We often ask ourselves just how large a truly comprehensive compendium of the world’s wonders and curiosities could ultimately be. The economics of printing and the dimensions of the page set limits on what could be included in this book. But even our website, which faces no such constraints, can never be complete. There is an Atlas Obscura yet to be written that is as comprehensive as the world itself, for wonder can be found wherever we are open to searching for it.

Joshua Foer and Dylan Thuras

cofounders of Atlas Obscura


Great Britain and Ireland


Western Europe



Eastern Europe






The Silver Swan


This uncannily lifelike musical automaton mimics a full-size swan floating on a pond of spun-glass rods. Created in the 1770s, it uses three clockwork mechanisms to perform a 40-second routine set to calming bell-like music. When wound, the swan moves its neck from side to side to preen its feathers before dipping its beak into the pond and snatching up a tiny fish.

First displayed in British jeweler James Cox’s Mechanical Museum, the swan was purchased by collector John Bowes in 1872 and is now housed in the Bowes Museum—a French chateau in the north of England.

Bowes Museum, Newgate. A museum curator demonstrates the swan at 2 p.m. daily. The Bowes Museum is 17 miles (27.4 km) from Darlington railway station, which is a 2.5-hour train trip from London. Buses run from the station to the museum.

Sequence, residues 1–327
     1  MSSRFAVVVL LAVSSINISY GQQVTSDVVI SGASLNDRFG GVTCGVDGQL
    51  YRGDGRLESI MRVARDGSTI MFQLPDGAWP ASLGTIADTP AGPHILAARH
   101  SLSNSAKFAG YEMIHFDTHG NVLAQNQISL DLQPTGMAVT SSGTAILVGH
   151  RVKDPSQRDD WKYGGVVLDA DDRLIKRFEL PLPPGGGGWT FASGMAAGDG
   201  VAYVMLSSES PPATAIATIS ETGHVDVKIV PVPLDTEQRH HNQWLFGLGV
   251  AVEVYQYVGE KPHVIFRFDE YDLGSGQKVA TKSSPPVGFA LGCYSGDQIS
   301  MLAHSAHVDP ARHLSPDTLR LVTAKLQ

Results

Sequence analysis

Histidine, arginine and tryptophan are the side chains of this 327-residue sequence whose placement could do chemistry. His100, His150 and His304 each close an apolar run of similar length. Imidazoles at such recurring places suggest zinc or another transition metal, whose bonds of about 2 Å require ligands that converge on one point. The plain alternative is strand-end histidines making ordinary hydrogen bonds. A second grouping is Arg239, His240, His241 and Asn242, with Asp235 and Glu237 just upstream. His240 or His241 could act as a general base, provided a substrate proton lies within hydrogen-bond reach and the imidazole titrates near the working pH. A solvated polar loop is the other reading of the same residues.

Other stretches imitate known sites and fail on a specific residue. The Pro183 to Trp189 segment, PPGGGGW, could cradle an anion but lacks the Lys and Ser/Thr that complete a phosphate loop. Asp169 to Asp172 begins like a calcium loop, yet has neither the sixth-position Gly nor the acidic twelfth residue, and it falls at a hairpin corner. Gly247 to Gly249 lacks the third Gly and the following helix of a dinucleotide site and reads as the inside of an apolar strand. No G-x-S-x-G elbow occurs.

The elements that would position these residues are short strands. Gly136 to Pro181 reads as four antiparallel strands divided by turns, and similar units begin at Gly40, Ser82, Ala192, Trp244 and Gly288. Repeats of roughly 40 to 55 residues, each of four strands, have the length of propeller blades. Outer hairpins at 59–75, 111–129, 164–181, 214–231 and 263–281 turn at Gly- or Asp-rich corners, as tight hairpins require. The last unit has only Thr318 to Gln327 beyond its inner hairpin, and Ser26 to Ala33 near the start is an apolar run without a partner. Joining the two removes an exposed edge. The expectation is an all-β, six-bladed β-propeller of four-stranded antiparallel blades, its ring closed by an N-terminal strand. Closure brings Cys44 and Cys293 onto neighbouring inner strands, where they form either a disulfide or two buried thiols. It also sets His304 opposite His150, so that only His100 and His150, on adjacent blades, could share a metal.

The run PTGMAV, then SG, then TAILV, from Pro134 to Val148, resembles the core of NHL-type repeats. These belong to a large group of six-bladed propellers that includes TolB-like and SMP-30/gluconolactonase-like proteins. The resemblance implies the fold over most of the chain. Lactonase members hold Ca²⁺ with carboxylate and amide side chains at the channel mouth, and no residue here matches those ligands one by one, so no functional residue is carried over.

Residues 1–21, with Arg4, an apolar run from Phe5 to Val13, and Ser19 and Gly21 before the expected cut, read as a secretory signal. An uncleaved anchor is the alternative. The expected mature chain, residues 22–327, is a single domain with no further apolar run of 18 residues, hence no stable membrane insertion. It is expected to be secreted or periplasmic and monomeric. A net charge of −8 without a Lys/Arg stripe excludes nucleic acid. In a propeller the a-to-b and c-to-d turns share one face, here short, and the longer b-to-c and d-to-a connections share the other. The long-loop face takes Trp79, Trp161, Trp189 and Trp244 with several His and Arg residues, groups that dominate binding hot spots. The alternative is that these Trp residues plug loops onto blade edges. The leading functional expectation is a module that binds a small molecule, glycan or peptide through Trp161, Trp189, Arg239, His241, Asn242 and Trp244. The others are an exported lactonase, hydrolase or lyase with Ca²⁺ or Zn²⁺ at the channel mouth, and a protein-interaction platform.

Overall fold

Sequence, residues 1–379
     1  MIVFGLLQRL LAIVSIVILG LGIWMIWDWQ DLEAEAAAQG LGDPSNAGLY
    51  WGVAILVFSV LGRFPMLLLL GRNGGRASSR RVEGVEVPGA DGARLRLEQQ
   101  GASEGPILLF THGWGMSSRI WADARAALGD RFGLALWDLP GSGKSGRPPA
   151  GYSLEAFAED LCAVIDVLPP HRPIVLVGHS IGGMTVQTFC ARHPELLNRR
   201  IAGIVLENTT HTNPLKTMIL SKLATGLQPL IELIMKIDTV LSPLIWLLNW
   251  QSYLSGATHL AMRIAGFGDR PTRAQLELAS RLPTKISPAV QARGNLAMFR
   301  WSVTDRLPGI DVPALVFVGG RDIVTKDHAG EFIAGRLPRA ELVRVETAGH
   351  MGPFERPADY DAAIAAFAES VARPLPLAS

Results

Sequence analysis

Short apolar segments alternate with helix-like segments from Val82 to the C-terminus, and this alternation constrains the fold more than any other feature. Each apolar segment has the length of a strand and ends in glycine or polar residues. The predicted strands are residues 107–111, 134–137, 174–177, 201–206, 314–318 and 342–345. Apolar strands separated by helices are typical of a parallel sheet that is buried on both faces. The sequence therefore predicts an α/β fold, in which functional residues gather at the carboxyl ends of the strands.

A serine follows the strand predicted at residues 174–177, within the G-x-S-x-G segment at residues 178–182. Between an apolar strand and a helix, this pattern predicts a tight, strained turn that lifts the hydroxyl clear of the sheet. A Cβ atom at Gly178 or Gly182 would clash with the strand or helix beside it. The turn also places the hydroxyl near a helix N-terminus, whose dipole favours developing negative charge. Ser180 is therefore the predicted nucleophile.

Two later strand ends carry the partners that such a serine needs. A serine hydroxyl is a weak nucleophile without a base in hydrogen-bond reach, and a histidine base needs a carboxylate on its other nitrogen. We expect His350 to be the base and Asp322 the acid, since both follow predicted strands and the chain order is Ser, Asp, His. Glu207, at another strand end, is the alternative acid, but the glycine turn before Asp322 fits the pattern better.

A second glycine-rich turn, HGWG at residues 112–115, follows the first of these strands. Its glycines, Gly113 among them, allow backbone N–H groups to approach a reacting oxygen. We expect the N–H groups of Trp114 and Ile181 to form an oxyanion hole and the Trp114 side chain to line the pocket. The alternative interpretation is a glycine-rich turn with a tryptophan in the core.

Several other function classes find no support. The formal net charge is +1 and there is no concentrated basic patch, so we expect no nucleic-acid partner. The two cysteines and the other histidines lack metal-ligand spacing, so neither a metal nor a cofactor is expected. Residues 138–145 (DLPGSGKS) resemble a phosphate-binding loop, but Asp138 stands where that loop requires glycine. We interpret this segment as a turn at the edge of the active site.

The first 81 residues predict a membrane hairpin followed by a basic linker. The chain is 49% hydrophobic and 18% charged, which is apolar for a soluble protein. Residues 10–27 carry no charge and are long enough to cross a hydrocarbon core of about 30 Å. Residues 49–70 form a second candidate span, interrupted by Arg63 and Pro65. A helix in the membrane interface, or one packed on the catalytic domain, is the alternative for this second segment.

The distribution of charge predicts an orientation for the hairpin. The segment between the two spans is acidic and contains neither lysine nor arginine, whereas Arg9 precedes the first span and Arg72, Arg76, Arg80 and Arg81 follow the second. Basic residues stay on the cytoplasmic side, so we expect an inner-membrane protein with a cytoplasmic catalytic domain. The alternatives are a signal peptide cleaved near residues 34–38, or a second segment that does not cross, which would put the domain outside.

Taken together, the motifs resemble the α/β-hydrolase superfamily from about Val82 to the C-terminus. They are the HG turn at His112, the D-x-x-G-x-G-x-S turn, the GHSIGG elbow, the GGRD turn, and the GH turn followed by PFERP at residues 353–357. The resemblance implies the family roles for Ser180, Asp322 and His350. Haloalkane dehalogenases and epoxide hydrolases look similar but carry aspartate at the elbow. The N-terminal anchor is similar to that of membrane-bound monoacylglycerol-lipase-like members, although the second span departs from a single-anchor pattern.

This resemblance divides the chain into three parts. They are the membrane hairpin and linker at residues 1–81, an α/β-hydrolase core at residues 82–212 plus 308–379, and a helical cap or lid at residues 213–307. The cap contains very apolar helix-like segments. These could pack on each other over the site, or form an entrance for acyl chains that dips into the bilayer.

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Walking, Eating, Moving Machines

Automatons—mechanical figures that move in an eerily lifelike manner—have existed for centuries, but their heyday was during the 18th and 19th centuries.

The Turk had a human microcontroller.

The Turk, built in 1770, was one of the most impressive: It consisted of a mechanical man in a turban who played chess against anyone willing to take him on. The machine toured the world, battling opponents like Napoleon Bonaparte and Benjamin Franklin. During the early 19th century, the Turk’s apparent intelligence and skill dazzled audiences and frustrated skeptics, who suspected a trick.